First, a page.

Home Community Interview with Paul Murakami, Jackson Building Owner

Interview with Paul Murakami, Jackson Building Owner

In fast-changing Seattle, landlord Paul Murakami is an anomaly. The owner of the Jackson Building eschews easy profit in favor of community building. “I consider myself a preservationist and a steward who is keeping things the way they were,” he told North American Post.

His building is at the heart of Japantown and home to core businesses such as Kobo at Higo, Momo, Kaname and Pioneer Barber. We chatted with Paul about his aunts, who ran the old Higo Variety five and dime, the current Japantown and his plans for the Jackson Building. Excerpts from the interview follow.
Interview conducted by Bruce Rutledge

Memories of Seattle

I always remember my aunts being so well-coiffed. They would come to visit us – we used to live on 19th and Republican in Capitol Hill — and it felt like we were little ragamuffins. We were seven, eight years old, and they were coming over in their fur coats. We were thinking, “Royalty is here.”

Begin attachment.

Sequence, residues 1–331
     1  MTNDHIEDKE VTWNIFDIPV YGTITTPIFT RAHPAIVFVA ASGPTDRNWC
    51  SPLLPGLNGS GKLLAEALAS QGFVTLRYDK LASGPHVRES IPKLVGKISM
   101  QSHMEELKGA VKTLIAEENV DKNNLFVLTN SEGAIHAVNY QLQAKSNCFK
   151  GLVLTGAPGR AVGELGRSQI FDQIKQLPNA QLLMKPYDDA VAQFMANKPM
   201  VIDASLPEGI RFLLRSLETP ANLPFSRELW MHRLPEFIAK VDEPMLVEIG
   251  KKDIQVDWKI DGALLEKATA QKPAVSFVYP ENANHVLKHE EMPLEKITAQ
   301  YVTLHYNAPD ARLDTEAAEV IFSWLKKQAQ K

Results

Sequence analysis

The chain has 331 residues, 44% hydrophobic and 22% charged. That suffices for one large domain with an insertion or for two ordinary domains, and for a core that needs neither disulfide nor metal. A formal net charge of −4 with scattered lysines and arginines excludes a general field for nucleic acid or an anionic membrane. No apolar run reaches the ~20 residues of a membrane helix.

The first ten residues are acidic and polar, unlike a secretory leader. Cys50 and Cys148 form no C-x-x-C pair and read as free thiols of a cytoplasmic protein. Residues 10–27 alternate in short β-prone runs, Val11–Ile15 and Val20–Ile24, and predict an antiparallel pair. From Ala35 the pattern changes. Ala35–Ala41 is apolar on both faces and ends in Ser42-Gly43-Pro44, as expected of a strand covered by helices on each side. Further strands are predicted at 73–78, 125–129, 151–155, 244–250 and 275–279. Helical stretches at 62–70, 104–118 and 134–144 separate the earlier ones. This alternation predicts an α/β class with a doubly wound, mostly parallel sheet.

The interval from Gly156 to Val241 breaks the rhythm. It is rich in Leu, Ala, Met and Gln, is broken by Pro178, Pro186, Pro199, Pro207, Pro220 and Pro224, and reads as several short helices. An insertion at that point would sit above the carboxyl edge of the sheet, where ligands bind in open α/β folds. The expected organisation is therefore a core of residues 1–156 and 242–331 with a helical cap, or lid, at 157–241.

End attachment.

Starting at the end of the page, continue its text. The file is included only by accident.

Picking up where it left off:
They were always so generous. They loved kids. They loved talking to us more than my parents. They were very curious about us, wanted to know how we were doing, how was school. They were very gentle, very gentle. We just knew they were important. We didn’t really understand the nature of their business at the time.

We used to go down to the store from time to time. My earliest recollection of my aunts in the store was the waft of mothballs. It was very distinct. It was a comfortable feeling because I knew it was a very safe and friendly environment.

The youngest aunt, Masa, liked to engage in conversation a lot. In fact, she was often chastised by my uncle and older aunt that she talked too much and didn’t do business. She was really the connection between the family and the community. The community came in to talk to Masa a lot. She was always willing to talk.

Getting involved

Shigeko Uno started helping out about 15 years ago, just when my Aunt Masa’s health started to get a little weak. She would start forgetting things. So I came in on the weekend, helped her with the books, paid the bills – she would forget to pay the bills – and they were having brownouts because the electric hadn’t been upgraded.